CANBERRA – Australia has demanded Myanmar immediately release an Australian adviser to Aung San Suu Kyi’s government who was detained in a military coup, an official said on Monday.
Economic policy adviser Sean Turnell had told friends via social media that he was detained. He has been out of contact in recent days.
“We have called for the immediate release of Australian citizen Prof. Sean Turnell from detention," Foreign Minister Marise Payne said.
The Australian Embassy in Myanmar had been providing Turnell with “extensive support during this ordeal,” she said.
Senator Payne declined to speculate on potential sanctions that could be placed on Myanmar, but said Australia’s military ties with the country were under review.
Australia has a defense training program with Myanmar worth about 1.5 million Australian dollars ($1.2 million) over fives years.
U.S. President Joe Biden agreed with Prime Minister Scott Morrison during a telephone conversation last week to work together to “hold to account those responsible for the coup,” the White House said.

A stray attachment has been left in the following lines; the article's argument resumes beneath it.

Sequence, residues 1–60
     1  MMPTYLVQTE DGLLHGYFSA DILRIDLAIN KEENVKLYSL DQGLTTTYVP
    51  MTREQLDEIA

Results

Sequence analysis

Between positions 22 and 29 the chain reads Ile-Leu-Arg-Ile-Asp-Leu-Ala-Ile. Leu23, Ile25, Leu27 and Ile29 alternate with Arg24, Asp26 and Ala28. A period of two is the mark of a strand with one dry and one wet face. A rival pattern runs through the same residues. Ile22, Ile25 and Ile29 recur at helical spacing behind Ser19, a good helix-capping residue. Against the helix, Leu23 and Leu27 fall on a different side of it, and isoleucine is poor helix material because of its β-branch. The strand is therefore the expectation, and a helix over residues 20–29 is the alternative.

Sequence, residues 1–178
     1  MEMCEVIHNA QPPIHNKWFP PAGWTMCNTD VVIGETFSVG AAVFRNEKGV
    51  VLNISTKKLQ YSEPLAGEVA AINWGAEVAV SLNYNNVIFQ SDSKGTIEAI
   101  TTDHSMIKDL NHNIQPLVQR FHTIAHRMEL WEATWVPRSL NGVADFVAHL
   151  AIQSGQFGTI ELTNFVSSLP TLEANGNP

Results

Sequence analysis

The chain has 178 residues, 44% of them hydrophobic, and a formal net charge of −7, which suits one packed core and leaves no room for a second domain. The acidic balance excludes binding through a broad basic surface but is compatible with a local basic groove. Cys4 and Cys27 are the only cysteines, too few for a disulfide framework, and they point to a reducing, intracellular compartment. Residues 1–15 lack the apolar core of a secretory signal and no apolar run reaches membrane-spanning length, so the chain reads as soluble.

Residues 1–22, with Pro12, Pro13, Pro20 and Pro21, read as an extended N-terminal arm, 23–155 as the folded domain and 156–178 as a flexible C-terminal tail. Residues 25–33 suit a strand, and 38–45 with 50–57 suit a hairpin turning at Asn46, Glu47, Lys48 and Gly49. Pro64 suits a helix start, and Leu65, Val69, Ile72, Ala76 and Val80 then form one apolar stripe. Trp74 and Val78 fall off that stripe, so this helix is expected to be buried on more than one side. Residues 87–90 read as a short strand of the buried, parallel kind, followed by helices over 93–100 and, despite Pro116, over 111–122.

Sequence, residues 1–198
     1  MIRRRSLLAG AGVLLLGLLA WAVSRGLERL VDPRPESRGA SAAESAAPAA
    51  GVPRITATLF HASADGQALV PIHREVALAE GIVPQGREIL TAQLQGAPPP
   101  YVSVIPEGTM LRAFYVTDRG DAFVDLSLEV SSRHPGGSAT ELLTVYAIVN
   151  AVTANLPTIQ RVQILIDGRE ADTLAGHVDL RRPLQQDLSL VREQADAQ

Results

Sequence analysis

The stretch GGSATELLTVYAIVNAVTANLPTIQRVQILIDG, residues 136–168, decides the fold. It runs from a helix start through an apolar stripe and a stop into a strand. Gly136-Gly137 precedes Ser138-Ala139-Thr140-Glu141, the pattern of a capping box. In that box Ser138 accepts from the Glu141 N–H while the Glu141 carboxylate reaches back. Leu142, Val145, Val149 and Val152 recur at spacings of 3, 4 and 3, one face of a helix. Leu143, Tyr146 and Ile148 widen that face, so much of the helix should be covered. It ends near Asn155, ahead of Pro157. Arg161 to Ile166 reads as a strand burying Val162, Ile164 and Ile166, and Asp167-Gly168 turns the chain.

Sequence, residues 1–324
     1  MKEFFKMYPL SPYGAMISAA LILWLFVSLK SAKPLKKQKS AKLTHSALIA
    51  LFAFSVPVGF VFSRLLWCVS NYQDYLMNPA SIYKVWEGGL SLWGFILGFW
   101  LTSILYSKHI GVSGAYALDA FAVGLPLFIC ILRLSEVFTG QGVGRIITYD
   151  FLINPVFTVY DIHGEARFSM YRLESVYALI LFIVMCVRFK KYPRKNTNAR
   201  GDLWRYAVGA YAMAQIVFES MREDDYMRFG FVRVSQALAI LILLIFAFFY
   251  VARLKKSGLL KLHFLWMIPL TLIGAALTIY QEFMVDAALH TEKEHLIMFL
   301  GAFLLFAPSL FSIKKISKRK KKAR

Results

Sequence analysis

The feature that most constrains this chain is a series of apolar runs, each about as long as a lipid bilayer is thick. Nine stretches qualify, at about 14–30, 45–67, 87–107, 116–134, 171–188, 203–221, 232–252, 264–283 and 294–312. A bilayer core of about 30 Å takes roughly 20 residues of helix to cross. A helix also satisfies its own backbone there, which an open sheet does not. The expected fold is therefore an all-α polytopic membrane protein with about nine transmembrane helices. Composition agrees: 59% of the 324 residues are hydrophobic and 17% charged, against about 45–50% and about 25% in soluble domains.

Turnell’s friend and fellow Myanmar expert Monique Skidmore said she believed the Macquarie University economics professor had been detained because of his close relationships with ousted leader Suu Kyi and other senior members of her National League for Democracy party.
“I think it’s just his closeness that’s got him detained,” Skidmore said.
Skidmore expected Turnell would be deported and remained “terribly worried” for his safety while he remained in the country.
Australian diplomats had planned to get Turnell out of the country and he had been waiting for a car to take him to the Yangon airport when the military arrived to collect him from the city’s Chatrium Hotel, his friend and fellow Australian economist Tim Harcourt said.
Turnell had arrived in Myanmar from Australia less than a month ago and had been staying at the hotel. He permanent residence was in the capital Naypyitaw.
Turnell had been held in the hotel and in a police station, Skidmore said.
Turnell Tweeted last week after the coup began and before he was detained that he was “safe for now but heartbroken for what all this means for the people of Myanmar.”
“They deserve so much better,” he added.